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Skiing is Absolutely Dorky. That’s Why We Love It.

These weird and wonderful labors of love signify the sheer passion that makes us skiers special

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There is no sport on Earth that inspires more garage inventions than skiing. Many are born from the inherent issues that arise from walking around in foot casts while carrying long pointy objects. Others are the fruits of dreamers who think their whoseywhatsit will go big, allowing them to quit their day job and become full-time ski bums.

I have had many such contraptions cross my desk during the 20-some years I’ve been writing about skiing. Some of the highlights include the Cold Pole, a ski pole with flasks in the handles for those who think “après” means “during” (not French majors, that set). There was also the Smitten, a couple’s mitten that allowed you to hold bare hands, insulated by a V-shaped “tube of love,” while walking around in ski towns. There were the Walk-EZs, little rockers that attach to your boots, designed to take the clomp-lurch out of walking with ski boots. (Still available on Ebay—$60 or highest bid.) I still have (and use) Cat-Tracks, little covers for your boot soles that save wear and tear on your precious lugs during drunken walkabouts when you can’t remember outside which bar you left your skis. And my personal favorite, the Ski Condom, a neoprene sleeve for your ski tips to protect the edges, which likely did not lead to any action that would require its namesake.

Then there is the myriad of devices designed for the surprising mass of skiers who do not understand how to carry their gear. There are padded straps, miniature backpacks, slings, even a little rolling cart that you wedge your tails in and push in front of you. The only device in this vein I’ve ever tried to actually use was an Aspen-branded strap for hiking Highland Bowl, which worked the first time my friend tied it up for me, but after subsequent attempts to repeat the process, I turned it into a belt for my pants that wouldn’t stay up.

Then there are the bindings, the most suspect of which adorned the skis of my high-school Spanish teacher turned ad-hoc ski racing coach, Mr. Long. He showed up to practice every day wearing gators over jeans, and stepped into some kind of contraption—so rare that even Google does not know its name—that affixed his skis to his feet via flexible arms wrapped around his shins. And then, when I lived in Jackson Hole, in the late ’90s and early 2000s, I experimented with a dizzying array of inserts and converters to transform alpine bindings to touring bindings that only solidified telemarking’s top spot in the caste system at that time. (Dear Alpine Trekkers, you are long gone, but my hip flexors will never, ever forget you.)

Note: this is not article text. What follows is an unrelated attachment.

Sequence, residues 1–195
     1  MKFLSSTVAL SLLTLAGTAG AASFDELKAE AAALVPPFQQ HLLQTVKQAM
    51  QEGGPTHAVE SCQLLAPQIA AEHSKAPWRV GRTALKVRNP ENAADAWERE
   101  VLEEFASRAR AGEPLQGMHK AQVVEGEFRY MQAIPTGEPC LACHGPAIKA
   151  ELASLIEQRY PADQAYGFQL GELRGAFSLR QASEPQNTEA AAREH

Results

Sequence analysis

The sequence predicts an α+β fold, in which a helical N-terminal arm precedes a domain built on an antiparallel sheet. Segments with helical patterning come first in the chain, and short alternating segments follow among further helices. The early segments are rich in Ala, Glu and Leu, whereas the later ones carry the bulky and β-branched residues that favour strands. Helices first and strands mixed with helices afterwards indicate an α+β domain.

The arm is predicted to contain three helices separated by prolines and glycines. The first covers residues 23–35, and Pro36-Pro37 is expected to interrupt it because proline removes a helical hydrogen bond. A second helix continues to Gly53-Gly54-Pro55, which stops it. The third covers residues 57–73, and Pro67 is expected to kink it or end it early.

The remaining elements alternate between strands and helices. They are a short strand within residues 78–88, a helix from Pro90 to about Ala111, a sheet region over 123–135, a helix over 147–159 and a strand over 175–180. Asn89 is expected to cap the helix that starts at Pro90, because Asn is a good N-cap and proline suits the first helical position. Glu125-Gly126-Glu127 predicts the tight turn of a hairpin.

But perhaps the best “tech innovations” have come in the form of skis themselves. The Scorpion, invented in the ’70s to ski pow, is a rockered skinny ski with the tail cut off. This cult oddity has produced much hilarity (not to mention torn ACLs) at the annual Scorpion Nationals in Sun Valley, and at an editorial conference for this publication, during which I saw a former associate editor nail a backflip on the things. Wayne Wong, the legendary hotdogger who still rocks a headband and his signature moves (and whose personal number I proudly have stored in my cell phone), developed the Anton, a ski with a spring leaf suspension system on top designed to “act like virtual powder” in every condition. (What it actually feels like is skiing on a trampoline.) Then there’s the bevy of niche alternatives, which can barely be considered the same sport: snowblades, snowbikes, tandem skis, monoskis, tele-monoskis, bootskis (“Ultimate freedom that you can fit in your backpack!” lauds the You-Tube ad).

There are, of course, many such tinkerings that actually revolutionized the sport: rockered skis, walk-mode boots, tech AT bindings, and airbag packs, to name a few. But I can’t help but hold the useless and inane ones, peddled via hand-cut business cards, near to my heart. 

Kimberly Beekman is a former editor of this publication. She lives in Denver with her wonderful daughter and terrible cat.

Originally published in the October 2020 print edition of SKI Magazine. Subscribe now and don’t miss an issue this season.

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